It looks like a sprint finish but, in this image from the 2011 Gran Piemonte, race winner Dani Moreno is celebrating after a late solo breakaway while a desperately chasing Greg Van Avermaet (right) takes second place. In third is Moreno’s teammate Luca Paolini (left), who allowed a gap to open behind Moreno when the Spanish rider accelerated on the descent to the finish.
#PelotonShorts by John Wilcockson/Photo by Yuzuru Sunada
The former Tour of Piedmont (Giro del Piemonte)—which was founded in 1906 and won by such cycling luminaries as Felice Gimondi, Eddy Merckx and Francesco Moser—was revived in 2009 as the Gran Piemonte. The event is celebrating its 100th edition on Thursday, and with no long climbs it is generally a race for sprinters who can get over a few hills.
This year’s race starts south of Turin and skirts the Piedmont capital to the east before heading northwest to its conclusion in the alpine foothills. The last of the day’s climbs, the 2,000-foot Alice Superiore (5.8 kilometers at 6 percent) comes 28 kilometers from the finish and is followed by rolling terrain in the Canavese plains before an uphill finish (500 meters at 4.2 percent) into the town of Agliè.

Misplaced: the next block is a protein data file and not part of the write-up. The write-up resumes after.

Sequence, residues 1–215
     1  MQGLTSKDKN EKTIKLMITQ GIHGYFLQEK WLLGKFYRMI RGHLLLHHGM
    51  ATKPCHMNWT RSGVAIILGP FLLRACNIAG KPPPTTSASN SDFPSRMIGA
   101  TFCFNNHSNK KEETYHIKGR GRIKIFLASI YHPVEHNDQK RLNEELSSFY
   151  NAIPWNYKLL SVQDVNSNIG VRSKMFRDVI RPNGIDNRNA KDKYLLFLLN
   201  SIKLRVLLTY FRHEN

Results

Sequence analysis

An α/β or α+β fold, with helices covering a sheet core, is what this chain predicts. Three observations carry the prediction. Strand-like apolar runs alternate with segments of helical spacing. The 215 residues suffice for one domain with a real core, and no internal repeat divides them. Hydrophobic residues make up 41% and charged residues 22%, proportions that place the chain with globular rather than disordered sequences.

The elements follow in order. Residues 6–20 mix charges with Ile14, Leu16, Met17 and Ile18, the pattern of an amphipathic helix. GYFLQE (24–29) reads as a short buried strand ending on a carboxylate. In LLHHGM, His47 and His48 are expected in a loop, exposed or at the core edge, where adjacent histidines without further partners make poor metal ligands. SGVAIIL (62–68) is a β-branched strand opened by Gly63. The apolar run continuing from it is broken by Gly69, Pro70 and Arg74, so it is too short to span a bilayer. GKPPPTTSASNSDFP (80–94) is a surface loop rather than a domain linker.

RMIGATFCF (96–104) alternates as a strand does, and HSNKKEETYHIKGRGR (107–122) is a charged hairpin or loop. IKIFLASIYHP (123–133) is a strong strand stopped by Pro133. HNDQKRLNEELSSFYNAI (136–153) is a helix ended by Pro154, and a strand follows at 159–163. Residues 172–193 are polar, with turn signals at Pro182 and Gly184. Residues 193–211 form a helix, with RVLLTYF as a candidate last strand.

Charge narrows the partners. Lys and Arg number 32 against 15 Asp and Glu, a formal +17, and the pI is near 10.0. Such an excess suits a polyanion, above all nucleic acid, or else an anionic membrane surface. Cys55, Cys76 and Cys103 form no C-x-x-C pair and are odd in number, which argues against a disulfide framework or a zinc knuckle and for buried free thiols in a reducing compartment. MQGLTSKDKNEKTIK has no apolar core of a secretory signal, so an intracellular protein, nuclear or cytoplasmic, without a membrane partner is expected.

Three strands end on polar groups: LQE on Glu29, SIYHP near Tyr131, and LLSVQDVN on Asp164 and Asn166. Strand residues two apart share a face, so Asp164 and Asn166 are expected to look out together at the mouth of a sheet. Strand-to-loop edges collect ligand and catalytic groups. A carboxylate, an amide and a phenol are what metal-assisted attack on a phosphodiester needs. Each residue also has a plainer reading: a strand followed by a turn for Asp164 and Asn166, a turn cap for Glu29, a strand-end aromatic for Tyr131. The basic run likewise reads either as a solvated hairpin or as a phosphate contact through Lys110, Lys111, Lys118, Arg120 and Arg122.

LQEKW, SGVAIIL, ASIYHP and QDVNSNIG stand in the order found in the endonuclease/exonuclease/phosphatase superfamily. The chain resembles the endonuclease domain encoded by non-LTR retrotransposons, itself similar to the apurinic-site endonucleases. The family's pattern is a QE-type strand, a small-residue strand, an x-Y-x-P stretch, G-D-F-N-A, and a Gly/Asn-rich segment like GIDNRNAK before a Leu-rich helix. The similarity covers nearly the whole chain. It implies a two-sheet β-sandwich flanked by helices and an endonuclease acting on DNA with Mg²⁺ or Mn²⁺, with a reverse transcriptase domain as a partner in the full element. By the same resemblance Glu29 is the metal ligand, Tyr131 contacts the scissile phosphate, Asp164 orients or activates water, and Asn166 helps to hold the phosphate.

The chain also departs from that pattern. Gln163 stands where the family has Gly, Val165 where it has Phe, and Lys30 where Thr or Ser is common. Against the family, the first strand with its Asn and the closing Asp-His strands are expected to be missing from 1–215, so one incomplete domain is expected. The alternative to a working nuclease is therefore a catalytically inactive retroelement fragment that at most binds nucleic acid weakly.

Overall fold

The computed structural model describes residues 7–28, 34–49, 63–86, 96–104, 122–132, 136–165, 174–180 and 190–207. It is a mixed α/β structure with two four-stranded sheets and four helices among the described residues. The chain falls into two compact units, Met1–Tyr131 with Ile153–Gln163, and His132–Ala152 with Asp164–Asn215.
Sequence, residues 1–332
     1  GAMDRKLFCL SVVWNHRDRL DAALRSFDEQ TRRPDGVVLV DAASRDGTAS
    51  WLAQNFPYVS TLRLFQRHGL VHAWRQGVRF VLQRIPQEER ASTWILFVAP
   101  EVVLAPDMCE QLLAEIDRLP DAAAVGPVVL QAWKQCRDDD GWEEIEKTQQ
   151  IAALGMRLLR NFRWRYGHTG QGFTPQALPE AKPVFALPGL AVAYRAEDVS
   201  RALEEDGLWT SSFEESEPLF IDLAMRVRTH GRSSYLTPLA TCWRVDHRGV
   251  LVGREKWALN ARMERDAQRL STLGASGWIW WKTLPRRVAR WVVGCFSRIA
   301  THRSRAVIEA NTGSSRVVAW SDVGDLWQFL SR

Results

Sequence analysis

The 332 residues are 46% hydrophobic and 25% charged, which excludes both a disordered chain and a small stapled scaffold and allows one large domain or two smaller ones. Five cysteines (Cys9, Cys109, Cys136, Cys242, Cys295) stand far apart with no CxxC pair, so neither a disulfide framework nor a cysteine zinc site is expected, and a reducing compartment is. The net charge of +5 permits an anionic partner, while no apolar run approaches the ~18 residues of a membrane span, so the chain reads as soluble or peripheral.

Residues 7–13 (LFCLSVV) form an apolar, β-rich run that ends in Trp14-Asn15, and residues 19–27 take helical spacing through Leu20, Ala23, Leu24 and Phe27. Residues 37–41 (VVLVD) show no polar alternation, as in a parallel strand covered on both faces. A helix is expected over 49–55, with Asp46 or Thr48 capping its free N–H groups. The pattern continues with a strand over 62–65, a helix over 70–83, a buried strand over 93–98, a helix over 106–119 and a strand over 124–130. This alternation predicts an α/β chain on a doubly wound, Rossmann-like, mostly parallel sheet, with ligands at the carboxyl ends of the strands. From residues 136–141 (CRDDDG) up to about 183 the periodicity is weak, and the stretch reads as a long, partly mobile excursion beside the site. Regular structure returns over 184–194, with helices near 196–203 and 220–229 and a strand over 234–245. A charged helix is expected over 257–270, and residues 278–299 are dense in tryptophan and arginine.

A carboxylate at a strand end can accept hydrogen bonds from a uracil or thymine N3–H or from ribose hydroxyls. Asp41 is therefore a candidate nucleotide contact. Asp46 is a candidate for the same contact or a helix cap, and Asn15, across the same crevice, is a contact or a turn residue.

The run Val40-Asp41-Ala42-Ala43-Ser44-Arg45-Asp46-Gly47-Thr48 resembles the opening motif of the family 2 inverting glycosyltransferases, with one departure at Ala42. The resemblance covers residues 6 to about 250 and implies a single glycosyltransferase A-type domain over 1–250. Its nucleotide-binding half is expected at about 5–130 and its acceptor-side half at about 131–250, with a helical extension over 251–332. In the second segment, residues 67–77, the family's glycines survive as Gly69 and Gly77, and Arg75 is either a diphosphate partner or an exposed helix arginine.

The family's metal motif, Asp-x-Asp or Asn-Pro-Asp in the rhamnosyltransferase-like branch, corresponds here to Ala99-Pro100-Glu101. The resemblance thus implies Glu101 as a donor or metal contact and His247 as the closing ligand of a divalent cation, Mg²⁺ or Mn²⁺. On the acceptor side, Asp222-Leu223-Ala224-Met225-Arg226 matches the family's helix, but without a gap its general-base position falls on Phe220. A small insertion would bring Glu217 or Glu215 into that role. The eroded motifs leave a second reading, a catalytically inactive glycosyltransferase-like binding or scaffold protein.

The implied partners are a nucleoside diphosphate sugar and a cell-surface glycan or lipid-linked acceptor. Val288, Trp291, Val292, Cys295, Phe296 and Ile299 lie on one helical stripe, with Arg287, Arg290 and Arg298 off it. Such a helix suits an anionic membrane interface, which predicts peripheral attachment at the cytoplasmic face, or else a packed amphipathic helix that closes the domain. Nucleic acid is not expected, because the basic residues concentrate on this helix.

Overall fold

The 2016 field is headed by last year’s winner, Jan Bakelandts of AG2R La Mondiale, while others bidding for the win are likely to be two-time Piemonte winner Philippe Gilbert of BMC Racing, Tom Jelte Slagter of Cannondale-Drapac, Zdenek Stybar of Etixx-Quick Step, Daniele Bennati of Tinkoff, Ben Swift of Team Sky and Sonny Cobrelli of Bardiani CSF—the brilliant winner of Tuesday’s Tre Valli Varesine.